This entire run is a visual feast, and this page gives us just a tiny taste of it. Even with not much going on, Steranko manages to get across the excitement of reading a Nick Fury comic. That’s not a bad trick!

Next: I try not to editorialize too much in these posts, but tomorrow’s entry is almost a perfect example of what’s wrong with modern comics. Blech, say I! Find much better stuff in the archives!

5 Comments

I’ve always been in awe of Steranko’s art, but can never bring myself to actually tread through all that writing. Not that its poorly written, I’m just not accustomed to that style. That, and having read Steranko’s interview in DHP a little while ago, I’m totally turned off the guy.

Mars Bonfire

May 9, 2012 at 2:06 pm

If you compare the (re-coloured) page from the trade paperback with the original comic page, there is a difference in the beams.

The original is a constant grey with uniformally spaced vertical lines. Nothing special from Steranko. Whereas the re-coloured version has a graduated colour and looks, err, wavy. Computers were involved?

I have the same trade and was disappointed with the re-colouring. Can’t complain too much as it’s cheaper than the originals.

You can view the original splash page on

http://diversionsofthegroovykind.blogspot.co.uk/2009/05/making-splash-jim-sterankos-shield.html

BitBiteOuch: Well, the Nick Fury stuff is kind of “Sixties,” but it’s no different than a lot of what comics in those days read like, and better than a lot of them. I don’t know if you’ve read any Marvel stuff from the Sixties, but it’s like that. Plus, the art is truly mind-blowing.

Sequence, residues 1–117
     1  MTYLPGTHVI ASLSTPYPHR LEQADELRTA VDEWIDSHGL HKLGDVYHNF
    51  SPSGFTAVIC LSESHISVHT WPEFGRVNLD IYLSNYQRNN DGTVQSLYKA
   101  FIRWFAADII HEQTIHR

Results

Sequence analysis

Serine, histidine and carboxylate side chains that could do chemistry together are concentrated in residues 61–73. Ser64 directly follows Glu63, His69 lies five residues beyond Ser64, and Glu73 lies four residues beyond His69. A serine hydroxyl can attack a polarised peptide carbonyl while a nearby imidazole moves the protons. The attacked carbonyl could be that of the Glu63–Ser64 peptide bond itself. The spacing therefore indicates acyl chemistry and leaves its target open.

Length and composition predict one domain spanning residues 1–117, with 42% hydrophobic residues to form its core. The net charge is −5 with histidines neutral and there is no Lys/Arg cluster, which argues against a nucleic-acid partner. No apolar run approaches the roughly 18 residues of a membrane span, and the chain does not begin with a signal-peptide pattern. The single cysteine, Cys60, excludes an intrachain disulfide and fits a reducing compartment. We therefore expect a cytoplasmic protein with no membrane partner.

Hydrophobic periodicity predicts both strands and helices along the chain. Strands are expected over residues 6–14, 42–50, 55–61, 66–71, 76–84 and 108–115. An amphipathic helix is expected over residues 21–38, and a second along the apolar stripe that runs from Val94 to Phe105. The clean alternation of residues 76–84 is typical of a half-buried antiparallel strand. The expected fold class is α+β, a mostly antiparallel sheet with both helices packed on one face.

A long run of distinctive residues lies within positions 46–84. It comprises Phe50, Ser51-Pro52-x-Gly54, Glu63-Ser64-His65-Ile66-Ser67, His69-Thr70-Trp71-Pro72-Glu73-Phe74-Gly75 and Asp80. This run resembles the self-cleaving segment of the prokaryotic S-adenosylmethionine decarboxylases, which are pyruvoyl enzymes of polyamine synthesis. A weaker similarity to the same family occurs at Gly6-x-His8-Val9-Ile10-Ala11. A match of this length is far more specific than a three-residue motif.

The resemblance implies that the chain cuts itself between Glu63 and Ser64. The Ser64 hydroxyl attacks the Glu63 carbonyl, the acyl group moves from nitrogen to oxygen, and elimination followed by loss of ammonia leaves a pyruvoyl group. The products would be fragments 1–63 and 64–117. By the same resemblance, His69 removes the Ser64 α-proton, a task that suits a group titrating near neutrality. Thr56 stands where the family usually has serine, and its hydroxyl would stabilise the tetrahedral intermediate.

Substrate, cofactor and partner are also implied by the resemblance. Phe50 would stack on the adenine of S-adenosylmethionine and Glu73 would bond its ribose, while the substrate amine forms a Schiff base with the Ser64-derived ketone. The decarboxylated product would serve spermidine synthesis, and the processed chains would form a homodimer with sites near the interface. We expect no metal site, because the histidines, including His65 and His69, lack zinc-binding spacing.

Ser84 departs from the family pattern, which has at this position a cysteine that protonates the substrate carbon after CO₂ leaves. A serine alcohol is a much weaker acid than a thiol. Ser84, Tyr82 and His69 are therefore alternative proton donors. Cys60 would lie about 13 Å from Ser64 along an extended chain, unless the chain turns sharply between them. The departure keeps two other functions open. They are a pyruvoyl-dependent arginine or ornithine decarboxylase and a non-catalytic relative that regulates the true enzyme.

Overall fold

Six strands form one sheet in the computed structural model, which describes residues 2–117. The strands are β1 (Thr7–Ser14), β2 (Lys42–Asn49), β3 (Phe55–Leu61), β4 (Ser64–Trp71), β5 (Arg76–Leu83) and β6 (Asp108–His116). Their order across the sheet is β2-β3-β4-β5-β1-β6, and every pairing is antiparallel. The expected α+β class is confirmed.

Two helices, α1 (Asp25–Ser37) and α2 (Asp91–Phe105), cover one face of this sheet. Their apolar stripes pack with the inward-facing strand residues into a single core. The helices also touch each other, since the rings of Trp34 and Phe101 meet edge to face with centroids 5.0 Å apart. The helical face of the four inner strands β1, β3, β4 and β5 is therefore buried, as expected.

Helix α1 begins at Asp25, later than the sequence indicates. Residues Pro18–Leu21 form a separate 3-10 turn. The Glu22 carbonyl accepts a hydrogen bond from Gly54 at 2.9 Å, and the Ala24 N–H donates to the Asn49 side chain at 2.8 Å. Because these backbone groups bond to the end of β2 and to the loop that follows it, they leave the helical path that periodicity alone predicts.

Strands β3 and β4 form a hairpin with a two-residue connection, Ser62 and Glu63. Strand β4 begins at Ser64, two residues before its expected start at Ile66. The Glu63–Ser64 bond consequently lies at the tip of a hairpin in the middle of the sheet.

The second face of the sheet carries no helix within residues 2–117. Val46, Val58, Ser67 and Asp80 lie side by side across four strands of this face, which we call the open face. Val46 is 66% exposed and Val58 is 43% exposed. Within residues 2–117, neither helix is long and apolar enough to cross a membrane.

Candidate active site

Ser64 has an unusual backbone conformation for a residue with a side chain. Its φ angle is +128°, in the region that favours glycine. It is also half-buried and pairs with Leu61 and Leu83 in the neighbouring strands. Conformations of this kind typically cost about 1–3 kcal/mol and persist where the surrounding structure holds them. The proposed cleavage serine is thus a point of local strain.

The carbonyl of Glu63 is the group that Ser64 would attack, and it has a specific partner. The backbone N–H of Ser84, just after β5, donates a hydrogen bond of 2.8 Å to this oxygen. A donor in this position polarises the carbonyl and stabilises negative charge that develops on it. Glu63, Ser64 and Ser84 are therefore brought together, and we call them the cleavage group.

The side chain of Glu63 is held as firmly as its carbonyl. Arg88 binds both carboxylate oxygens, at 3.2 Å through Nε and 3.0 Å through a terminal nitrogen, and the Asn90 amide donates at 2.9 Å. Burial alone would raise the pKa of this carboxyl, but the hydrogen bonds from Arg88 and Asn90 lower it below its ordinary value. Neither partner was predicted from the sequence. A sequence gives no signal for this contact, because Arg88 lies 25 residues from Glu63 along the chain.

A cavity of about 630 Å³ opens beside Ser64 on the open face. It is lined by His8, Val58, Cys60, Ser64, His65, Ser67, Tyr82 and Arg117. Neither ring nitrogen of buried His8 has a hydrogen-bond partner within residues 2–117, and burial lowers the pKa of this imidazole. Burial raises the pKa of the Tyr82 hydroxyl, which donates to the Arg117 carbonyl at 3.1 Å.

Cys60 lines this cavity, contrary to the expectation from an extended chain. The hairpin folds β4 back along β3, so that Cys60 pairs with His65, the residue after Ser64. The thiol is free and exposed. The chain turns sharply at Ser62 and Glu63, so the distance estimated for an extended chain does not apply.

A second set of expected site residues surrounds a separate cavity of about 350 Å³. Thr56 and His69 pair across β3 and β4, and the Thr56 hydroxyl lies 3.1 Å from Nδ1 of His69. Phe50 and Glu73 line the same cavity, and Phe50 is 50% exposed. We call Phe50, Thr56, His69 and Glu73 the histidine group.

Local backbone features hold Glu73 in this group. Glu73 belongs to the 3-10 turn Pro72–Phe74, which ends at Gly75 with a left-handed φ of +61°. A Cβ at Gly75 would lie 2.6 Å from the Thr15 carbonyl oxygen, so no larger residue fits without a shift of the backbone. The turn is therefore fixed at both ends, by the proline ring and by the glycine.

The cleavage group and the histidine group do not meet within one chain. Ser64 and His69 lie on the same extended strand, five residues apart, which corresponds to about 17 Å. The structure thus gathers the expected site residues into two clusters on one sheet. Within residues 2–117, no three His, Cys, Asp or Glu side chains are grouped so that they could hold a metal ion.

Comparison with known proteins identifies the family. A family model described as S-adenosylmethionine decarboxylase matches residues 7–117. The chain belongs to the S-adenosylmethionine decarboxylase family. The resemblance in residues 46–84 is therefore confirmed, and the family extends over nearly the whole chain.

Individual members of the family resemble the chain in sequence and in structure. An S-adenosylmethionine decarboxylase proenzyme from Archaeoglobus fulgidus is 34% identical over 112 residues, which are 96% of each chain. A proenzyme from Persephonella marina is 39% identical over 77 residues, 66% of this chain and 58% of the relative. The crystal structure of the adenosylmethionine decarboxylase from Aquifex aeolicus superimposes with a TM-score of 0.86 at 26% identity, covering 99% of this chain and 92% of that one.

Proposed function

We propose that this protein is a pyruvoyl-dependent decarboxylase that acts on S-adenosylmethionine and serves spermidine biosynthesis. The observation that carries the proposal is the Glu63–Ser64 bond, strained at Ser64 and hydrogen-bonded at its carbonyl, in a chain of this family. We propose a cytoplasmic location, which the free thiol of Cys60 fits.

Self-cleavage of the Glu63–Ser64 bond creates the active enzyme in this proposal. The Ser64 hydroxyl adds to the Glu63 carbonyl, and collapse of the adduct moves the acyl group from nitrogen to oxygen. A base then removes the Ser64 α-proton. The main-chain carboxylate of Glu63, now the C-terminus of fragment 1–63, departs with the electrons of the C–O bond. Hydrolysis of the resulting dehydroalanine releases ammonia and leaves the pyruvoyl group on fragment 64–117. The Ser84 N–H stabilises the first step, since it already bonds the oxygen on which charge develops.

Yeah, Steranko came off like a tool in that interview, but his art on this book is, as I mentioned, mind-blowing. Give the guy a break – he’s a cranky old man these days!

Mars: Thanks for that link. I think in the original, Steranko still must have used something different than pencils, but you’re right – the new coloring does make it look more computer-generated. But I wonder if they didn’t change the effect, just put a layer of green over it. If I knew more about comics coloring, I could probably say!

The blocky and pipe-y technology portrayed by Steranko, Kirby, and other 60’s Marvel artists never ceases to impress. It has, however, succumbed to Zeerust.

Joe S. Walker

May 9, 2012 at 9:03 pm

The original printing looks like simple Letratone (or Zip-a-tone), though cutting it to include those tiny figures wouldn’t be a simple job.

With all his visual flash Steranko wasn’t an inventor of characters or concepts. Best of the Shield run is “Today Earth Died”, a standard horror trope but genuinely eerie in its execution.